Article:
I am privileged to live in a place where every now and again if one drives out to just the right corner West of town, they can occasionally spot the feral peacock grazing the ditches. Yesterday was one of those now and agains. Three iridescent beauties.
I’ve been here in the Nexus of the Universe for over ten years now, and a full decade has made its impression. Wild Turkeys roam the Nexus a-plenty. It is not unusual to see a few of Ben Franklin’s favorite feathered friends at least three or four times a week around these parts; they’re headed down the driveway, crossing the road and threatening the grille, marching up the fields. They really are everywhere.
And the peacocks? Well, they’re not exactly natives. Out around this particular corner, an interesting gentleman used to harbor the dream of having a zoo. Right out there in rural Colfax. He had a fine alpaca farm, probably enough to keep a yarn company pretty busy, and was slowly acquiring more exotic species. Whatever happened to the gentleman or the dream I don’t know, but I think a bankruptcy may have torn the two asunder. I am fairly sure he no longer lives around here, and I have no real idea what happened to the ragtag bunch of critters he was gathering to his ark. But the peacocks apparently made a break for it before anyone could haul them away to some citified bird prison.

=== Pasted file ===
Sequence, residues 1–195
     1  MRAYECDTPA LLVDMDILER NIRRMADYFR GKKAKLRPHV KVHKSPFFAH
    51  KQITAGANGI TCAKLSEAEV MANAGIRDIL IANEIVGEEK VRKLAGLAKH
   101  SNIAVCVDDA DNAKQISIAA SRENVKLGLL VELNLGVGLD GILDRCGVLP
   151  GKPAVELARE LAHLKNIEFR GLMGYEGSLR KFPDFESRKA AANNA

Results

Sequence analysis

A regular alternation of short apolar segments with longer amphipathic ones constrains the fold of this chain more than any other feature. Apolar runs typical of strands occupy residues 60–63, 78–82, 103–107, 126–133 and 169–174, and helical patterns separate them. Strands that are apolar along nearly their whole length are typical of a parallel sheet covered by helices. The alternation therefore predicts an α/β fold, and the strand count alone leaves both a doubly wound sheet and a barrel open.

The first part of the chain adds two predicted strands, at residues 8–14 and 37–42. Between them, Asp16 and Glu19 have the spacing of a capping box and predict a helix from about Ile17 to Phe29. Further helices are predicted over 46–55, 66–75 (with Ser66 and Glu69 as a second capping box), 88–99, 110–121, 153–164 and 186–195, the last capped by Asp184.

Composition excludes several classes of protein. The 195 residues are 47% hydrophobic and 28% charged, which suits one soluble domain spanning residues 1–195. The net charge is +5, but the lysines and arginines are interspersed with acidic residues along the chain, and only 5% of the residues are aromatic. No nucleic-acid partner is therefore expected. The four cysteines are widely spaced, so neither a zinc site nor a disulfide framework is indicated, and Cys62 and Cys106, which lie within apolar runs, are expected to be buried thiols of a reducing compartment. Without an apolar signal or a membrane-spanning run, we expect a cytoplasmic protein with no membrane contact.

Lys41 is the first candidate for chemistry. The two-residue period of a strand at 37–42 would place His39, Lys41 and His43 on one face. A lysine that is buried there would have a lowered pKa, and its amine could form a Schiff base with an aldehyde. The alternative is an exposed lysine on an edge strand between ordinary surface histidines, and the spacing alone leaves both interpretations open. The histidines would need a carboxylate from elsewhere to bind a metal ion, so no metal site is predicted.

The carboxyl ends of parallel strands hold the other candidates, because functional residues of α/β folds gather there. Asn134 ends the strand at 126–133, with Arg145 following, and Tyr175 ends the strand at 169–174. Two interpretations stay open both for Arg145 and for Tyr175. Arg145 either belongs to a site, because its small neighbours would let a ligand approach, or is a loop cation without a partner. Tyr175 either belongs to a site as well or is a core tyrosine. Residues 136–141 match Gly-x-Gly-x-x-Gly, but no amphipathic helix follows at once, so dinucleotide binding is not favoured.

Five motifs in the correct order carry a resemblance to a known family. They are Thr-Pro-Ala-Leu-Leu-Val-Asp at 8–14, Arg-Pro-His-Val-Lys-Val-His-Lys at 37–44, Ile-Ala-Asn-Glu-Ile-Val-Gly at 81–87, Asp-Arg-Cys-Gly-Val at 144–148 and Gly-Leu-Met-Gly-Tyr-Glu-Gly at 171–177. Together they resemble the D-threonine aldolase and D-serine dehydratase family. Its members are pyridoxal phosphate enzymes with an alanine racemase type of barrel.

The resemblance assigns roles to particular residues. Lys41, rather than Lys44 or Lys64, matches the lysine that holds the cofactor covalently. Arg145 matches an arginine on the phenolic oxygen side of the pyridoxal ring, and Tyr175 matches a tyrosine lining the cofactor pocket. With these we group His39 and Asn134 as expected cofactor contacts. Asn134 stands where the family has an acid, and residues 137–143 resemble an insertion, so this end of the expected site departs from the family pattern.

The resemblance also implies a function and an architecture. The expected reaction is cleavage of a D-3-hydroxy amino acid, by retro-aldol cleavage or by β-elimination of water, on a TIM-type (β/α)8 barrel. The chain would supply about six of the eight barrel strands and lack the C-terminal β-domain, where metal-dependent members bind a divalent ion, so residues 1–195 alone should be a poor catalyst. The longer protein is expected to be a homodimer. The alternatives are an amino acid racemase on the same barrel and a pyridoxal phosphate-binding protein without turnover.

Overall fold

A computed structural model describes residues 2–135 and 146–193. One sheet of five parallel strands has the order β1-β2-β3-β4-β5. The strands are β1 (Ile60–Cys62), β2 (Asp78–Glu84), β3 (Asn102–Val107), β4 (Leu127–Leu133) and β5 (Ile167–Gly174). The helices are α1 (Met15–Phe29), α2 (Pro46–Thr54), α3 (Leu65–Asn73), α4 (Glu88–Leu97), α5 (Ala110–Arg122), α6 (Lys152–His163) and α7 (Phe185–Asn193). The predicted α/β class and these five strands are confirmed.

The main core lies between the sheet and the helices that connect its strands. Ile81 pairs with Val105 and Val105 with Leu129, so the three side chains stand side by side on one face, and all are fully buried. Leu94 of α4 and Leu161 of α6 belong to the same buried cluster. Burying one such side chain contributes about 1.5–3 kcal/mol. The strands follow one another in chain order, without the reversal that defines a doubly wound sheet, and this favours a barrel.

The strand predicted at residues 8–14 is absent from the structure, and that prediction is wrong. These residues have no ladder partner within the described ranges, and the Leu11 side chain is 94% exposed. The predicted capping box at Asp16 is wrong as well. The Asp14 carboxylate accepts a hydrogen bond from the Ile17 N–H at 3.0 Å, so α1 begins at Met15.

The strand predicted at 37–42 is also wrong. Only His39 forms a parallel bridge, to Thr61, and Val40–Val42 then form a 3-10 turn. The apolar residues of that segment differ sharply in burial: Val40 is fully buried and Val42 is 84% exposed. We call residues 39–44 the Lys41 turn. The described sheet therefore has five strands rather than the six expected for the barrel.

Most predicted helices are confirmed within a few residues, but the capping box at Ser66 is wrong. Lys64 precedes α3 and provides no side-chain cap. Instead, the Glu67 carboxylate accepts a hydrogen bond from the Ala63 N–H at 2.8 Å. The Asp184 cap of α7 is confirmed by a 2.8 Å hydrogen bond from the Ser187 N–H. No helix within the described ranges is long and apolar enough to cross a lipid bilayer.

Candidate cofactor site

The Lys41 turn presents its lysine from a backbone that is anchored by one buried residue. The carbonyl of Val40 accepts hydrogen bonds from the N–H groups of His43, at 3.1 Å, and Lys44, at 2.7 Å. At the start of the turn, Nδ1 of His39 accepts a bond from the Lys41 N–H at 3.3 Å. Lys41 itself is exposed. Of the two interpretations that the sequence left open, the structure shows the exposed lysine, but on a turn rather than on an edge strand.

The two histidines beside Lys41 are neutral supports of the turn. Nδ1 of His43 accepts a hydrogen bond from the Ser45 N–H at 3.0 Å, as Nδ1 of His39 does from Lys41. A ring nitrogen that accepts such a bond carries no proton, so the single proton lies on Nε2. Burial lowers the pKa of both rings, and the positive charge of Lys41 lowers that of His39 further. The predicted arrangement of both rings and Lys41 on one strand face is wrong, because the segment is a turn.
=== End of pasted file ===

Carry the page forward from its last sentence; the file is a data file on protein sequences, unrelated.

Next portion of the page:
On yesterday’s sighting of the shiny trio, it hit me like a bolt that those there peacocks are nothing more than glorified turkeys. They’re colorful, sure. And they’ve taken the tail fan to new dimensions, I agree. But really, they’re just turkeys roaming the wilds, looking for the same forage as their woodsy cousins. They’re built like a turkey, trot like a turkey, and scratch like a turkey. They just happened to be dressed as a pinata.
I wonder if Ben would have nominated the peacock as the America’s patron fowl had they immigrated a century earlier?